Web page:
Here at the hospital, we have been preparing to face the virus. Elective surgeries have been cancelled, hospital visitors have been limited, and an area of the hospital which is more isolated but has oxygen capacity has been designated as our COVID-19 ward. Unfortunately, we are also still in Lassa Fever season so patients are now being screened for both Lassa Fever and COVID-19, thus we are running two separate suspect wards. Due to travel restrictions, closed borders, and the government's recommendation that people stay home, our entry has gone from having over 100 patients waiting to be seen a couple of weeks ago to just a couple of dozen patients each day. (Click here to watch a short video clip of the difference the last week has made to the number of patients waiting.)

Some of the higher-risk missionaries (those in their 60s and 70s) are returning to the States. We have a COVID-19 committee who is monitoring the situation around the world and advising us on necessary changes and precautions. Gatherings are more limited and social distancing has arrived. The MK school was closed last week for an extended spring break.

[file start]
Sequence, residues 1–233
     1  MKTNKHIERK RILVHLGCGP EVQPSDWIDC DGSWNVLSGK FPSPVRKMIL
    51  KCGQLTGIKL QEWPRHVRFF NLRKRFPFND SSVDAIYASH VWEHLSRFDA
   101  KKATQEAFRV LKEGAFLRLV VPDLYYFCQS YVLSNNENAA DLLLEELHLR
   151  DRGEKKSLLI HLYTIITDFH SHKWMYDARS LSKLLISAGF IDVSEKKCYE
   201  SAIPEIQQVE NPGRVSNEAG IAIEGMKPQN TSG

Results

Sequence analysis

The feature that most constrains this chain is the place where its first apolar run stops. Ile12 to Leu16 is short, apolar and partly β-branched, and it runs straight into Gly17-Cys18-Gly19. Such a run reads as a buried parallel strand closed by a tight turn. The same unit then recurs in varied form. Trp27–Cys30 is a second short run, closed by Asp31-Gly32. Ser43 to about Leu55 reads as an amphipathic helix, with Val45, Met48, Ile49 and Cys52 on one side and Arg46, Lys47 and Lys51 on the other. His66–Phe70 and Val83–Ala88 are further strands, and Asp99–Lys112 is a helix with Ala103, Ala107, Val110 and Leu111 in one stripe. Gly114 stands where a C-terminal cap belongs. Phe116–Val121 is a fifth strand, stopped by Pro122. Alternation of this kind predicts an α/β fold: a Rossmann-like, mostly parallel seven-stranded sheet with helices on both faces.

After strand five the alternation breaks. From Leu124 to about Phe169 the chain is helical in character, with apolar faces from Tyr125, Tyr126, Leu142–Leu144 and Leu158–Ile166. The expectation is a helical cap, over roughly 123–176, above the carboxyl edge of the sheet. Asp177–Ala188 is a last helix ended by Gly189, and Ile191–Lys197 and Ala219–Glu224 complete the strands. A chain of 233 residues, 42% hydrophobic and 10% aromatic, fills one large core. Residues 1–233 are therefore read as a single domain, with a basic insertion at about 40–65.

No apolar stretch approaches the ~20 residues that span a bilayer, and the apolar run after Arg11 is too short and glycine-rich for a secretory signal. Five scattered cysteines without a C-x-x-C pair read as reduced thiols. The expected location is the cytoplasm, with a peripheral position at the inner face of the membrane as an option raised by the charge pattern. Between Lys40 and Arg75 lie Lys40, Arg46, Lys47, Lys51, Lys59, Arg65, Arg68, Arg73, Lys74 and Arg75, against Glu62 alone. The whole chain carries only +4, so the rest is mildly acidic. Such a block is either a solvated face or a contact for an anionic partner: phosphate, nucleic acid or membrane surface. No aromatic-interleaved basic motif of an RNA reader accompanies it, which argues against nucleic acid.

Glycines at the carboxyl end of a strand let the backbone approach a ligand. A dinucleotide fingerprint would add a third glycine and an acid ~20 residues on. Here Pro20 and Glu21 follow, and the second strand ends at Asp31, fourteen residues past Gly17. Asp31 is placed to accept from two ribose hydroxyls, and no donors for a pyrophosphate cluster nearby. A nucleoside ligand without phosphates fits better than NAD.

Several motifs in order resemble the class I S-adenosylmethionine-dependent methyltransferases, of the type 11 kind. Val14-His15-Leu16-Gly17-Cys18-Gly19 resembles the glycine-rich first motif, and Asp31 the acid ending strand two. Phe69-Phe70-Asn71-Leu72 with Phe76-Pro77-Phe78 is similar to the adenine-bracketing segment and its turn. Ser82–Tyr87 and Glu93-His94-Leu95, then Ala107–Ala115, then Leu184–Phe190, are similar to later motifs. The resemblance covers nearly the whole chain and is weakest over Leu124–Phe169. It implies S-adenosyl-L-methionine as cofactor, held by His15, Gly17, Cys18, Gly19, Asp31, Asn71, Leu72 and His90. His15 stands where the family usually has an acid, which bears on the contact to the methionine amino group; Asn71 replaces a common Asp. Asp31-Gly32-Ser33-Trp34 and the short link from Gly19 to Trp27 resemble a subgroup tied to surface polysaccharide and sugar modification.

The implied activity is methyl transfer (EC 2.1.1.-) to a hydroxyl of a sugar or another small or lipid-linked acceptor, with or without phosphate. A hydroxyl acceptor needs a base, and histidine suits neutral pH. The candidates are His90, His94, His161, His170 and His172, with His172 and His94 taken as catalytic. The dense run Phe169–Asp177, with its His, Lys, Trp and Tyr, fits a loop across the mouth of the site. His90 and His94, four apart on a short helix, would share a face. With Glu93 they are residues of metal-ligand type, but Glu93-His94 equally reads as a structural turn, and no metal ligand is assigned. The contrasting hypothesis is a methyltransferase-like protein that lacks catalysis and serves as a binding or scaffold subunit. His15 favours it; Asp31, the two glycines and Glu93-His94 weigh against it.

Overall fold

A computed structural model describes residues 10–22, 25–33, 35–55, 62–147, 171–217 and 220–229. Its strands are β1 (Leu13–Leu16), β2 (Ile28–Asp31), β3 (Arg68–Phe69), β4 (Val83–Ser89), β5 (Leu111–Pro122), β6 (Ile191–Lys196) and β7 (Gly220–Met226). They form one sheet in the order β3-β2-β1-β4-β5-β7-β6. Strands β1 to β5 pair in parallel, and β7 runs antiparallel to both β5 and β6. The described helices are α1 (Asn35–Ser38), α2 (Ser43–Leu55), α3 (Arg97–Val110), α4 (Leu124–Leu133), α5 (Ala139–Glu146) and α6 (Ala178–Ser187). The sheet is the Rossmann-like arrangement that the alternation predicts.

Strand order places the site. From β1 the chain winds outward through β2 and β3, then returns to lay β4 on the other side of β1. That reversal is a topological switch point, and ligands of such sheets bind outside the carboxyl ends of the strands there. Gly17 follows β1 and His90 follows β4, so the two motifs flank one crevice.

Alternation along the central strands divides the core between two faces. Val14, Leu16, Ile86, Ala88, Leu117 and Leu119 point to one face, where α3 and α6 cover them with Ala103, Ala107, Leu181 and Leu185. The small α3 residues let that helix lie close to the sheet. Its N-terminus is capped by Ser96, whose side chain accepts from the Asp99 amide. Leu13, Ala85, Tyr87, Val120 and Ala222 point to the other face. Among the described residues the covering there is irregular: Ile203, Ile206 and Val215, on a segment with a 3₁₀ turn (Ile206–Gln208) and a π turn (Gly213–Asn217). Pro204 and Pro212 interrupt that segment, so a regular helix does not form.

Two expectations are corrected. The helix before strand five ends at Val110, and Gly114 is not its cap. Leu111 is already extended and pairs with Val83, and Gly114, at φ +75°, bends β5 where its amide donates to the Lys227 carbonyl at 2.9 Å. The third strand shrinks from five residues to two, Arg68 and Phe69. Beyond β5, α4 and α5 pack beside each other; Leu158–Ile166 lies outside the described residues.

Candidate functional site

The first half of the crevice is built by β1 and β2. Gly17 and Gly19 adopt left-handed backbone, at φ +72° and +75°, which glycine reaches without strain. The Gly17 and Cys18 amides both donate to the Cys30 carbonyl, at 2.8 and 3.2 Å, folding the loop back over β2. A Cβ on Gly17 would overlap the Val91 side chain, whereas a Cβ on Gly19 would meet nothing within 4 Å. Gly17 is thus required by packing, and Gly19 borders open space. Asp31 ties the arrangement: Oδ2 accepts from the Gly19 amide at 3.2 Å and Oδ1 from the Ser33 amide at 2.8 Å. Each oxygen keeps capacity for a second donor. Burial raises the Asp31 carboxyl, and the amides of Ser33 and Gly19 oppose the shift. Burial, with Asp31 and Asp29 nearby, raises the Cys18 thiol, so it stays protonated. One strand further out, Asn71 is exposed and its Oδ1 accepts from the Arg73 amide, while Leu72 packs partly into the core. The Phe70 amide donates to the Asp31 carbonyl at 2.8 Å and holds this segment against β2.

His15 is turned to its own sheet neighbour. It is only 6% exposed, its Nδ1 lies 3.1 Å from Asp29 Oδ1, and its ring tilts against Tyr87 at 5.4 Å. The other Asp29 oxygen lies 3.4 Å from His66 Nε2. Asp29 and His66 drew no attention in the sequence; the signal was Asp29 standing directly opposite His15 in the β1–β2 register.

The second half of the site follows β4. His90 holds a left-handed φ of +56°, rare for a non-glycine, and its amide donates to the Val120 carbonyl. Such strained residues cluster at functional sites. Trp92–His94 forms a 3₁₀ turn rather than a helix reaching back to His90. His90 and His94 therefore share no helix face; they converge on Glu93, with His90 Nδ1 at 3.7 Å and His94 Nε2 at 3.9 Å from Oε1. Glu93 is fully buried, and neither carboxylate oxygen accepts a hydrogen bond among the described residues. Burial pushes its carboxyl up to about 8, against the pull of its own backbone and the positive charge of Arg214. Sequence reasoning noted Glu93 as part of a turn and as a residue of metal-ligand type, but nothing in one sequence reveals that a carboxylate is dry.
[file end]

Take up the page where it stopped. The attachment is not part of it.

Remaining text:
We are uncertain as to what the days and weeks ahead will hold. The Hospital of Hope is the primary hospital in our region. Even so, we lack equipment that has been desperately needed by critical patients in other countries. The closest ventilators (probably less than 5 total) are located hundreds of kilometers away over closed roads and borders. Evacuating a colleague even in the best of times requires days of preparation between multiple organizations and several countries. This will not be an option even if a provider becomes seriously ill. It is a sobering reminder of the frailty of life. We are thankful that the God who has brought us this far, through good times and difficult times, will not abandon us now.

Celebrating 5 Years

Last month we celebrated the 5th anniversary of the Hospital of Hope. Since March 2015, we have seen over 62,000 patients (many have returned multiple times), hospitalized over 22,000 patients, performed almost 6,000 surgeries and delivered over 3,000 babies. We celebrated with a party for our 160 employees, a soccer match, and ended with a group photo in front of the entry. It was a wonderful time of reflection on God’s blessing and provision and His constant presence. Five years ago we could never have imagined the heartbreak and triumph that lay ahead, and the wonderful work we would see done in the lives and hearts of people we've come to love. We are so thankful for the privilege of serving the people of West Africa in His name!